I struck out on my own (late '90s), getting COBRA insurance while I figured out a good individual plan to get.  To paraphrase that Mercury Morris (retired NFL Dolphins player), "and then I got cancer".  I discovered then what a nasty & brutish world the individual market was.  I can remember getting a big 4-month checkup on the 2nd the last day of my COBRA eligibility - and then going to the state hospital to ask how much ti would be for me to get my panel of tests, talking to higher and higher ups until I got to someone that I think was the boss of the facility.  She asked if I was employed, and I said that I was "self-employed", to which she responded, "oh, then you're unemployed, so you can get free care".  I was doing contracting at the time, and I made sure to be at least temporarily unemployed whenever I had to show up for another round of tests.  (My state, Louisiana, had some special situation where DHAP funding paid for this.)
« Last Edit: March 06, 2018, 10:42:21 AM by swampwiz »

DavidAnnArbor

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Re: What comes after the ACA?
« Reply #4168 on: March 06, 2018, 07:39:17 PM »
House Democrats formally introduce ACA 2.0

Quote
This is, in effect, a short-term service pack. It's meant to stabilize, improve and strengthen the ACA for the next few years, presumably until we have a Democratic President in the White House.

"But there's no chance of this passing before 2019 either!" you say. Probably not. However, it does give the Dems a solid, reasonable package of improvements to campaign on with the understanding that this is for the short term only. This is to get the healthcare system through 2021...more realistically, 2022 or even 2023, since any major Medicare For All-style overhaul signed into law in 2021 likely wouldn't start ramping up until 2022 at the earliest. That means we're very likely "stuck" (for good or for bad) with the current general healthcare framework (Medicare, Medicaid, the ACA, etc) for the next 3-5 years no matter how lofty anyone's "pure Single Payer" dreams may be.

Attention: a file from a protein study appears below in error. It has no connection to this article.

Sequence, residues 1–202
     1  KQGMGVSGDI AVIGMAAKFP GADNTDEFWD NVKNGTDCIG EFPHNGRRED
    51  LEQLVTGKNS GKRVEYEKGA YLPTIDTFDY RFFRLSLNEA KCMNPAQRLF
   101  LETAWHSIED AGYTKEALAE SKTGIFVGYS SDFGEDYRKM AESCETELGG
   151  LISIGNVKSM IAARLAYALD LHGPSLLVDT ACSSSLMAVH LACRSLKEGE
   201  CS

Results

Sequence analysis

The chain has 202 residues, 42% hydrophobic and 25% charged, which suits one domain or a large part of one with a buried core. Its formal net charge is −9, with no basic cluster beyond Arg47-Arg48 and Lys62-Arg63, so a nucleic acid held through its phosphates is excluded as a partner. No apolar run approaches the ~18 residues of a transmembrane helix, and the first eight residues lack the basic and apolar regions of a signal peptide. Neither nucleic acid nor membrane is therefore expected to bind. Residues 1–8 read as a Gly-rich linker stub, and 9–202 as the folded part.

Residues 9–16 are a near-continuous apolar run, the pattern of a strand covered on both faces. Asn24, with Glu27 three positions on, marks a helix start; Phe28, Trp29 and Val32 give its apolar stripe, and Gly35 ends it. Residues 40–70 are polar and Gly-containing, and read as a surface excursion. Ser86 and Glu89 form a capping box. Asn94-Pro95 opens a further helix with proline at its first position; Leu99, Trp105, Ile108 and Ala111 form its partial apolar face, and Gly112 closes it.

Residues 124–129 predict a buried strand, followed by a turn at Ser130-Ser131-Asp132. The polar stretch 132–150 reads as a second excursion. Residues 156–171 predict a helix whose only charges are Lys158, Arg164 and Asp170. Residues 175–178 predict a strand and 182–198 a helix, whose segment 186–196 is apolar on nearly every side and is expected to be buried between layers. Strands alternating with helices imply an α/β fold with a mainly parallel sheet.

"But Donald Trump would veto this bill as well!" Well, probably...but given how erratic and clueless he is, there's at least a small chance he'd sign a bill like this. Keep in mind that he did sign the 10-year CHIP extension bill in the end. Again, I'm not saying he wouldn't veto it...but he'd likely have bigger problems on his mind starting in January 2019 anyway.

Of course, if the Dems don't retake at least one house of Congress this November, this is all moot anyway.

Again, look at the end date on several of these provisions: 2021. I think it's pretty clear that the House Dems are introducing this primarily as a package designed to guide the ACA through the rough waters of the next 4 years. After that, the reins would presumably be handed off to whatever major Universal Healthcare System they have in mind as being the Next Big Thing, whether it's Bernie Sanders' "Medicare for All", CAP's "Medicare Extra" or whatever.

On the one hand, "only" 7 of my 20 proposals are included in this package. On the other hand, it also includes another half-dozen or so provisions which I didn't have on my list at all...each of which is a positive thing. Overall, I love this package of improvements (again, as a stop-gap to tide things over for the next few years, at least).

Chances of it passing this year? Zilch. Chances of it becoming law if it passes next year? Close to zilch. But this is far more than "crumbs". These are solid improvements with real teeth to them.